Posts Tagged ‘studiodaily’

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Link Dump: Articles & Thoughts

May 7, 2009

This week’s link dump post is a bit more article-based, with little to no free stuff or tutorials in the mix. I know, a more heady load, but it’s good for ya! Get those gears workin’ and thinkin’ and maybe something sweet-ass and original will come out of ’em. Anyway, it’s basically a roundup from the usual sources, a few announcements, some cool case studies, and some food for thought for those of you of the filmmaking persuasion but not in the ‘I-need-to-know-this-effect-now’ category, go ahead and read past the jump. You other lot, check back at a few previous posts an’ git yer learnin’ there. Otherwise, on we go…

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Showcase: Enter your shtuff!

April 20, 2009

I know I bragged about having massive amounts of links for you guys in the last post, but in my showcase section the list is puny. I’ve been on the rampage for learning, and slacked pretty majorly in watching. However, I do have some cool little opportunity-type links for you, and a portfolio to keep your eyes giddy whilst you await the next link dump post. Onward!

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Showcase: Various

October 27, 2008

Alrighty… I think I stop trying to come up with meaningful titles for the topic part of each entry, since most of my posts are so scattered.  Hopefully there’s some good stuff in there for you guys though.  Anyway…since I didn’t get to it last night, here’s this week’s showcase entry. Read the rest of this entry ?

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A Note on Shaky Camera Work

February 21, 2008

Earlier today I got an email from StudioDaily, a pretty fascinating online industry magazine and resource website about filmmaking, visual effects and editing.  In the letter,one of the headlines was this:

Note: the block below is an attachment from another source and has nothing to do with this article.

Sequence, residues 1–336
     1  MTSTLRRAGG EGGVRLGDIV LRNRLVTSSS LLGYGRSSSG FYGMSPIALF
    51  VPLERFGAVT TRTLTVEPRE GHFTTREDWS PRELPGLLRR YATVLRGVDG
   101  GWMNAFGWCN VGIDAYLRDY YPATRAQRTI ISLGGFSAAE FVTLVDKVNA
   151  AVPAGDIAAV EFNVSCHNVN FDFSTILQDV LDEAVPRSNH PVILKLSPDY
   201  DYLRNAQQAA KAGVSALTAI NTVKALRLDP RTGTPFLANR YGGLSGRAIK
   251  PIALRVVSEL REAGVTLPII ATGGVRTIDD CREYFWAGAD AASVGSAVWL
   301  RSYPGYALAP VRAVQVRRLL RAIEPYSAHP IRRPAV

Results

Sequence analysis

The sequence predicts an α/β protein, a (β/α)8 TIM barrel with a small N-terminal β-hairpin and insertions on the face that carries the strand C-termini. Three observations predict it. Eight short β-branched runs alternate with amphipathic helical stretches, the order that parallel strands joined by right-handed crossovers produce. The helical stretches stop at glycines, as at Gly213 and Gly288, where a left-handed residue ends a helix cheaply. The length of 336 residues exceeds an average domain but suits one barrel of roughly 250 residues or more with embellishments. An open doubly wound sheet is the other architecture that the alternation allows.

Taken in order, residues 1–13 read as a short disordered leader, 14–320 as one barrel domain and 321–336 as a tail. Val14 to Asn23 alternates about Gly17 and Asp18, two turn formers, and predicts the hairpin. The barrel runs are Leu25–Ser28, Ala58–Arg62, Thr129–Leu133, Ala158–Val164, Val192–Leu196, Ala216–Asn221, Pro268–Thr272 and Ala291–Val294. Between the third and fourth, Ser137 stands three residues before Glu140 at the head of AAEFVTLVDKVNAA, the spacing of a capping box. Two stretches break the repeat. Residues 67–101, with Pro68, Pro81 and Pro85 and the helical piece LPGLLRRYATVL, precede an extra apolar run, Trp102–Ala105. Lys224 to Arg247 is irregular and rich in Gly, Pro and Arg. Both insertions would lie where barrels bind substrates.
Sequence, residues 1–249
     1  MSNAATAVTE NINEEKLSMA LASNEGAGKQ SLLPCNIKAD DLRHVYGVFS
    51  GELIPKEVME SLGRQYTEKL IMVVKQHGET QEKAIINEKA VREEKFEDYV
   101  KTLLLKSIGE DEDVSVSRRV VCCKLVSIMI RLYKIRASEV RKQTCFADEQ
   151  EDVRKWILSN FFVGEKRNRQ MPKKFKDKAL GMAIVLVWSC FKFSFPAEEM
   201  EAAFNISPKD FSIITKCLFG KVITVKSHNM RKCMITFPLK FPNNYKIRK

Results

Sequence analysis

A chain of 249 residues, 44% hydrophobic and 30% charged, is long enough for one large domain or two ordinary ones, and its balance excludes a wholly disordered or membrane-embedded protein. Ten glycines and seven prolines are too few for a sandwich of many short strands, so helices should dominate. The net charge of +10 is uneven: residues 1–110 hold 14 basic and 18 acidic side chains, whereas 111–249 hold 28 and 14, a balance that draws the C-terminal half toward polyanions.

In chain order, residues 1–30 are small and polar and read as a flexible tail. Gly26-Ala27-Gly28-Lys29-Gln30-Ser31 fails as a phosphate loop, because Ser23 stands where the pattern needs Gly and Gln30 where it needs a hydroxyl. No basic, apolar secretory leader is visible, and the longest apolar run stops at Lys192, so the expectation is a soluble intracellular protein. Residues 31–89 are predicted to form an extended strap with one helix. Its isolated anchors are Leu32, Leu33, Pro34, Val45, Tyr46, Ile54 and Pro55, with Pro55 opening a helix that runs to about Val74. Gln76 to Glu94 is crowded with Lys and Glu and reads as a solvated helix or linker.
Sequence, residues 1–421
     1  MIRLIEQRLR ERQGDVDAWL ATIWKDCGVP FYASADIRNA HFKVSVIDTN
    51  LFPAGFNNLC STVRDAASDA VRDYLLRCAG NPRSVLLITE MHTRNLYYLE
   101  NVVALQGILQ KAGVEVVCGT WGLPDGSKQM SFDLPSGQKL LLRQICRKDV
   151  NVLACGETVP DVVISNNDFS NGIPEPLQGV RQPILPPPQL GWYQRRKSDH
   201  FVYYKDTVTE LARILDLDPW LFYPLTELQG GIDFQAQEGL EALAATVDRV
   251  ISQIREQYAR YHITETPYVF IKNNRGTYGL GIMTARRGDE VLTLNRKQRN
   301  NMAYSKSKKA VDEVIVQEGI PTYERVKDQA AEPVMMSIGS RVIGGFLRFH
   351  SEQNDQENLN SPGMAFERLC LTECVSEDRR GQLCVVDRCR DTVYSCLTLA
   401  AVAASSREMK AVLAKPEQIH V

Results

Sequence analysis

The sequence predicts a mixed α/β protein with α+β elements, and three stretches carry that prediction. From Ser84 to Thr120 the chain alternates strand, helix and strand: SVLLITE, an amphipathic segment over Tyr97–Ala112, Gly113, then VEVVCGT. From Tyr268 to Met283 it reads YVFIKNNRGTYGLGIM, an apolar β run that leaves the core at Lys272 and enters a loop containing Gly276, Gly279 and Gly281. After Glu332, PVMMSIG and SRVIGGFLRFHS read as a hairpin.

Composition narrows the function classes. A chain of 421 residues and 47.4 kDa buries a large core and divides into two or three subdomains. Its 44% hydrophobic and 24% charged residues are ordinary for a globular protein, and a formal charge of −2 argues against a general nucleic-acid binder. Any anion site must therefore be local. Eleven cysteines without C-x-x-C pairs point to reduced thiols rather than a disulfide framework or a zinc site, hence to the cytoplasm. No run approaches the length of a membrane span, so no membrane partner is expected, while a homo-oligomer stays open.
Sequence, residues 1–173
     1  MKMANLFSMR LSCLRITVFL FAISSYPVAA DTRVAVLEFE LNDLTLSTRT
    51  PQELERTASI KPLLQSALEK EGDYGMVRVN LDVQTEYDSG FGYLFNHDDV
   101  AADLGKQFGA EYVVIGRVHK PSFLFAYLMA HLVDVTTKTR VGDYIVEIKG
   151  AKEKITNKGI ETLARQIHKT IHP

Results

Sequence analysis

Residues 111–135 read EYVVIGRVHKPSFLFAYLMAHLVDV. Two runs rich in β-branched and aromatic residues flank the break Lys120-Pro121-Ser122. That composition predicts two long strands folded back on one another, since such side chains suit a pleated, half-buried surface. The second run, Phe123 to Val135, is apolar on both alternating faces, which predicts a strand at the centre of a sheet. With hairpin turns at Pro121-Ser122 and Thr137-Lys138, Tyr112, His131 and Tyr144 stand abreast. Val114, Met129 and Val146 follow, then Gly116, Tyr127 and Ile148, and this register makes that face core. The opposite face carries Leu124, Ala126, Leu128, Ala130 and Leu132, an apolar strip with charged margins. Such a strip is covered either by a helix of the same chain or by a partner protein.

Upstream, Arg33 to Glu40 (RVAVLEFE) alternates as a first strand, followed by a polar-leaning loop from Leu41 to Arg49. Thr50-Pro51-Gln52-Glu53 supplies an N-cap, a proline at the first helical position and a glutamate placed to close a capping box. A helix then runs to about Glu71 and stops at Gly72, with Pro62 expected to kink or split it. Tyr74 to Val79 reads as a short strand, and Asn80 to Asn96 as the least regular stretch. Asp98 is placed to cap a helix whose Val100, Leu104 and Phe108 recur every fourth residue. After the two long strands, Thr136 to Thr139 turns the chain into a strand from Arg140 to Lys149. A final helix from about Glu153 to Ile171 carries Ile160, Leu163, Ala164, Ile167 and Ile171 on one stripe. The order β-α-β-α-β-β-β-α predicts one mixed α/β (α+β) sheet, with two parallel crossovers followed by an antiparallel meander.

Over at Film & Video, Bryant Frazer talks with director George A. Romero about his return to low-budget filmmaking with Diary of the Dead using Panasonic HDX900 and HVX200 camcorders.

So naturally I emailed that quote off to the first friend I thought of when I think of zombie movies, and he responded pretty quickly saying that he didn’t like the new “Blair Witch sort of style that’s coming back.”  That I can completely understand, so I responded with the following passage, which is the basis for this post:

I kind of like the shaky cam style that’s on the rise, it’s more viral and amateurish, and it blurs the lines between amateur films and professional ones, making it so that it doesn’t matter as much anymore to the audience if it’s a “real movie” because they can’t always tell, so it’s not worth bothering about.  If it’s good, it’s good, and it deserves praise, if it’s bad, well, they leave it alone (or flame it, the bastards).  Sometimes it’s hard to see or hard to handle (I got mildly nauseous watching Cloverfield), but I think it’s a cool way to kind of get the super-hype of paying high attention to lighting, costumes, and even set design a little bit out of the way, and letting amateurs get more into the field, simply because the cheapest way to film (handheld and shaky) is often the most real feeling, because it’s not completely stable like a statue, nor is it to the extent that Cloverfield was (though that was pretty wonderfully done).  Basically, it give me even more of a chance to go out and shoot random stuff, put it all together in some sort of cohesive, understandable and entertaining story, and then market it and get attention because it looks real, it could be real, and if it’s good, people will appreciate either the documentary-ness of it or the realistic acting and detail of the thing.  So basically I don’t put anywhere near as much effort into the preparation of the film that Hollywood does, and I can still come out with a viable film to show at festivals and gain a reputation among the biggies of the business.  So that’s why I like it.  As a style, though, you’re right, it’s hard to take sometimes.

Now, that being said, I haven’t seen the trailer for this, but I’m going to look it up and see what I can find, heh.

NOTE: You can see the trailer here.  And I actually was a little disappointed with it when I watched it.